When it looked like the PIAA was setting Wolf up to be the fall guy, their plan backfired on them as the final decision on when/if kids can play continues to get shuffled around between different administrators across Pennsylvania for a few more weeks.

Meanwhile, student-athletes that already began officially preparing for their fall season now have to wait to hear if their season was really supposed to start in the first place.

And while amateur sports are stopped, money-making organizations like the NFL, MLB and major college teams play on, despite continuing reports of positive Coronavirus test results for athletes, coaches and staff.

Let me be clear in my analysis of this catastrophe. I am not giving my opinion on whether I think fall sports should be played, cancelled or whether a staggered or delayed start to the fall season should occur.  We are certainly in uncharted waters and there are serious ramifications in whatever is decided.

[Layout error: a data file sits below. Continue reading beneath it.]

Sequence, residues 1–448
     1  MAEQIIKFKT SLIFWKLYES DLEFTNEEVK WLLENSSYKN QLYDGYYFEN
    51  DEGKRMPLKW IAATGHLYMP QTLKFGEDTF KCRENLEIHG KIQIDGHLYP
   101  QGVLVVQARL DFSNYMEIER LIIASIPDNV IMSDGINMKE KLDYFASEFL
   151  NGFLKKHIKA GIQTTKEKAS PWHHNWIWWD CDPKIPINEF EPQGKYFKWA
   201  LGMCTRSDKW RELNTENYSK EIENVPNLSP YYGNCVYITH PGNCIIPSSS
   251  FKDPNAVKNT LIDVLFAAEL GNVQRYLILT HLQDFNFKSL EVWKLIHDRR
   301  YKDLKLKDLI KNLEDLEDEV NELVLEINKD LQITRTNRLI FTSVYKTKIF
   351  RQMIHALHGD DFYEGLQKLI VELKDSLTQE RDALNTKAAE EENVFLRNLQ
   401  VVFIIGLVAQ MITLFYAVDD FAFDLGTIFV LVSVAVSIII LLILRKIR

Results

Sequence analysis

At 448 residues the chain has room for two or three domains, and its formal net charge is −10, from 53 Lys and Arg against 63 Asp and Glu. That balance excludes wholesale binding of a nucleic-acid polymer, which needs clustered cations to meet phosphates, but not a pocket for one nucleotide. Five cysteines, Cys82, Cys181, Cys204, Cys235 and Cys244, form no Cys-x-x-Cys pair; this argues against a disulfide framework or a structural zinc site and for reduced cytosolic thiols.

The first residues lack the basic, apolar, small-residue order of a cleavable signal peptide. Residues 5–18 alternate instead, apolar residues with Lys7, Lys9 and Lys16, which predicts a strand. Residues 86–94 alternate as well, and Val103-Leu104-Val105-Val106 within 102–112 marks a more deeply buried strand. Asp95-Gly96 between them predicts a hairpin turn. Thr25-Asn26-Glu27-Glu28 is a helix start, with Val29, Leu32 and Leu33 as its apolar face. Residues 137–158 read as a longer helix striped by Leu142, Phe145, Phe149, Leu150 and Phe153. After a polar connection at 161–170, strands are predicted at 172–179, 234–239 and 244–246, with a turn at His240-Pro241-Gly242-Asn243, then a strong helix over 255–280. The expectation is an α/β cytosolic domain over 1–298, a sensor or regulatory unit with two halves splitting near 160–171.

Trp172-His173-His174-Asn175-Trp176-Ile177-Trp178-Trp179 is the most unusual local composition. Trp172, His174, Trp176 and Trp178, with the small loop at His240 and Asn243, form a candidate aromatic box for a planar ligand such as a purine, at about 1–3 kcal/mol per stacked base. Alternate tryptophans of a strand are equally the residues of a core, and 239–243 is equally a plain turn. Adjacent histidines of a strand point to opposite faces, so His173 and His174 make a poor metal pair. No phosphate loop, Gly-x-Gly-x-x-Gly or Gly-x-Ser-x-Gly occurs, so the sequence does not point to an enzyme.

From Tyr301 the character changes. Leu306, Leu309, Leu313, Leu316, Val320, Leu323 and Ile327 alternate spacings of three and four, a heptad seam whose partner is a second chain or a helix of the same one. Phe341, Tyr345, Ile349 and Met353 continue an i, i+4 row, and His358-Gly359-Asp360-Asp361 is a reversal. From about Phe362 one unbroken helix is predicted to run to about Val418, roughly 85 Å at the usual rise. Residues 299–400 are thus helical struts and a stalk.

I’m not trying to target any one particular group, nor am I picking sides politically in this escalating, emotional battle that is taking place across Pennsylvania over the rights of kids’ ability to play sports.  I’ve talked to several local athletic directors and assistant principals and they clearly are not the ones at fault here.  Every single one that I have talked with has been working very hard trying for months trying to follow the rules they receive from above — although those instructions seem to shift radically on an almost weekly and sometimes daily basis.

What I AM singling out here is a clear lack of communication and the utter breakdown of this process to properly prepare student-athletes to be ready – one way or the other – on what to expect for their fall seasons.